Is Gender Equality Good for Your Health?
While gender inequality persists, many high-income countries have now reached a point of relatively high gender equality. Many people assume a linear relationship between gender equality and health outcomes: that is, the higher the level of gender equality, the better the health outcomes. This is likely to be true at lower levels of gender equality, but how the association is charted at higher levels of gender equality is not clear, and it is possible that the returns in terms of health gains is different at higher levels of gender equality, compared with lower levels. This work will examine associations between gender equality and population health outcomes for women, men and adolescents, in high-income contexts such as Australia.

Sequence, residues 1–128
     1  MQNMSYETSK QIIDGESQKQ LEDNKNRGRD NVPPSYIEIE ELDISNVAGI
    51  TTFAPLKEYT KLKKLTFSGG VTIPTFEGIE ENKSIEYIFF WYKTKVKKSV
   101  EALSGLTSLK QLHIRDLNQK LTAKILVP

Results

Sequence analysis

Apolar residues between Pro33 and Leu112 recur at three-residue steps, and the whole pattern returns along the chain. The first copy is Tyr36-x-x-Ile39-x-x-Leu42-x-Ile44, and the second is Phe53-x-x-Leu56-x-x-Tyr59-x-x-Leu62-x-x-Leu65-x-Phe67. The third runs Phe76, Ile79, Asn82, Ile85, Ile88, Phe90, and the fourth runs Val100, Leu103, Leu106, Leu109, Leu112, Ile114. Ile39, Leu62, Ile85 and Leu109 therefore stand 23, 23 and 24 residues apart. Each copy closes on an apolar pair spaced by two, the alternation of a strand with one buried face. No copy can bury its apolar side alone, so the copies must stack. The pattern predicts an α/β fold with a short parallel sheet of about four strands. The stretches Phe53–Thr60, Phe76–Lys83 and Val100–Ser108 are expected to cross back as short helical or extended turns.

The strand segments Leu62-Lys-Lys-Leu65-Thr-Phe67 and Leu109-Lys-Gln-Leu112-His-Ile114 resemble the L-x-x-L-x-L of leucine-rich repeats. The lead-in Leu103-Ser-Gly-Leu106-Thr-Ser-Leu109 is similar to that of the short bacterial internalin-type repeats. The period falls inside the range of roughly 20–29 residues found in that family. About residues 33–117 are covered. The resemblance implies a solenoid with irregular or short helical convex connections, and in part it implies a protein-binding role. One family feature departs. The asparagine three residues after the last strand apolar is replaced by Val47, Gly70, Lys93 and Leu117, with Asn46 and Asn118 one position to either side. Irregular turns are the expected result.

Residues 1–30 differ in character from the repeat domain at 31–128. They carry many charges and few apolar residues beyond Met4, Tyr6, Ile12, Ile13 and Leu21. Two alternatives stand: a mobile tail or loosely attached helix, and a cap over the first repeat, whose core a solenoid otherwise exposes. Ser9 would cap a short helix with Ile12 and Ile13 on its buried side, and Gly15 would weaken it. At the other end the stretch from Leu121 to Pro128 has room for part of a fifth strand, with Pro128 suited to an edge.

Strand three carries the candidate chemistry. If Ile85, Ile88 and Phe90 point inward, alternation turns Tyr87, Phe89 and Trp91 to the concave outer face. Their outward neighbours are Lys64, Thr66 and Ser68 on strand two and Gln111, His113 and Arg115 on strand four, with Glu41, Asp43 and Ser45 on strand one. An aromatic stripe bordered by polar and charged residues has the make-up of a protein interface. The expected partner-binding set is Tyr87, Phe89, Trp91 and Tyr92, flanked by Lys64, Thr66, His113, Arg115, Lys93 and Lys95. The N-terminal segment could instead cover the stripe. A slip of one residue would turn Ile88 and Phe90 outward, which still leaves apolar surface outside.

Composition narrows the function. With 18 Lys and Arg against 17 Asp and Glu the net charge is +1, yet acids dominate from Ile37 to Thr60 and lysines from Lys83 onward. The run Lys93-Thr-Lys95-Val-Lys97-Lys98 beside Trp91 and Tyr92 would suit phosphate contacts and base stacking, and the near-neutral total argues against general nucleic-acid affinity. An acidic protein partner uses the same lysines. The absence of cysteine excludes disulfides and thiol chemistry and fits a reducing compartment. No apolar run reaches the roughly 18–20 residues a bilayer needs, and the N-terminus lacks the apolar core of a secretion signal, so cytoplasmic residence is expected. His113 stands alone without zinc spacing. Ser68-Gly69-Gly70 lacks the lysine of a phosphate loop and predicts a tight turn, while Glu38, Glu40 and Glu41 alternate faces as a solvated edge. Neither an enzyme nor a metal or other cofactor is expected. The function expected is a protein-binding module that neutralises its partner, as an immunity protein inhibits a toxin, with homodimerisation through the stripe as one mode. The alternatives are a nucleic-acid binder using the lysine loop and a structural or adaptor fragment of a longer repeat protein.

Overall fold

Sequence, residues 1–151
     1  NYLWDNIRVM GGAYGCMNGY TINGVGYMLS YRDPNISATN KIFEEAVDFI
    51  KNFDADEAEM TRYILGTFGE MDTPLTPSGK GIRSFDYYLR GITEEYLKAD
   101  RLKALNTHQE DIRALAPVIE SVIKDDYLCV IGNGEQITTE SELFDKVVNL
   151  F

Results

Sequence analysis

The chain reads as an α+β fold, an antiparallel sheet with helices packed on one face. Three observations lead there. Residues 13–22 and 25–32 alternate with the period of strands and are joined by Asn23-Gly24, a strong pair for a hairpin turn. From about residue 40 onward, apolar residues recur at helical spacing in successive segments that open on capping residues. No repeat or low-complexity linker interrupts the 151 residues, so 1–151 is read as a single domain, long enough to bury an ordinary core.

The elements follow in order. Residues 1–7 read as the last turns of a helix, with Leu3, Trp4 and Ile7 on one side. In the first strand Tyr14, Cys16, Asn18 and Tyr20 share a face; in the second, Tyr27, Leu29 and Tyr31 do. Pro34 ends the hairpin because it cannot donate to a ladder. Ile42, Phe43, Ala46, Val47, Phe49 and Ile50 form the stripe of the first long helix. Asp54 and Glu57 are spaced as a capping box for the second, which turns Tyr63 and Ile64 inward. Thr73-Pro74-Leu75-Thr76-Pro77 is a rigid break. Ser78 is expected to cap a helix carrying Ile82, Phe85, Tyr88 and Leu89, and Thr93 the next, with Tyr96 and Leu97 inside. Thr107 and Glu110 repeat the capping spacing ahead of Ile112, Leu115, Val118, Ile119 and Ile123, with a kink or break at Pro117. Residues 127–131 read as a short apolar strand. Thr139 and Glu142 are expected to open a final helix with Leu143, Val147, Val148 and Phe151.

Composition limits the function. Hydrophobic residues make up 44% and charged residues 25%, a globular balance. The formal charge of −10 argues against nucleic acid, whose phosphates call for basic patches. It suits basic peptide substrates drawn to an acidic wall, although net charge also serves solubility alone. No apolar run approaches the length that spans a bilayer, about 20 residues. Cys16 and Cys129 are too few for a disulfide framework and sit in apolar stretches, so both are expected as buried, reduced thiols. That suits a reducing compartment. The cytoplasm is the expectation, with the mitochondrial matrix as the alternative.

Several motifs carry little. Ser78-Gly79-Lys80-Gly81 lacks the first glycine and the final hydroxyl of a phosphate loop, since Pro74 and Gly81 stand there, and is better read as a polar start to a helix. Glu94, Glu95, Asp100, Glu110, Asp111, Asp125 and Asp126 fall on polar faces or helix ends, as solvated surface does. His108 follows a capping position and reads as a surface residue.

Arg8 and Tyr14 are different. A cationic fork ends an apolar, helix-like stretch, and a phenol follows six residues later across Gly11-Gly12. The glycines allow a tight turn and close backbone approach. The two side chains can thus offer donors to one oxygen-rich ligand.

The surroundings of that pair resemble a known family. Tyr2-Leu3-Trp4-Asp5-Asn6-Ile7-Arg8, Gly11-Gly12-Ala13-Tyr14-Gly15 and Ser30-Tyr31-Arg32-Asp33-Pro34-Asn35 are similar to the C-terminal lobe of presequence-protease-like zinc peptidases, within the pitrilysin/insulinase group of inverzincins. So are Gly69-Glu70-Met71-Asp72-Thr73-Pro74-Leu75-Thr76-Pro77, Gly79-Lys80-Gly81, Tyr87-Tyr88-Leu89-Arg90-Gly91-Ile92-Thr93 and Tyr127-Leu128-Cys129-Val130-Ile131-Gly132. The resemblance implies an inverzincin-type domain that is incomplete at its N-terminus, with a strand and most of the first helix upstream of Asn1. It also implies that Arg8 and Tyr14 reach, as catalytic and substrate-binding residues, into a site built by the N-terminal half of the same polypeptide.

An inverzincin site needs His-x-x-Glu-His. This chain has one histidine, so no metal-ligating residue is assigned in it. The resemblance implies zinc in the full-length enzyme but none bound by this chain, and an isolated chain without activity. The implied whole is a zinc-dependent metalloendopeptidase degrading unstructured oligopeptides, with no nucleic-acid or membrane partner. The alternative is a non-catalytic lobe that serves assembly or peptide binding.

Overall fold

Dr Allison Milner, University of Melbourne
Dr Tania King, University of Melbourne
Ms Anna Scovelle, University of Melbourne
Professor Anne Kavanagh
The Measurement and Monitoring Research Program is funded through grants and research contracts provided by a variety of sources, including Australian Research Council, Victorian State Government departments and internal University funding.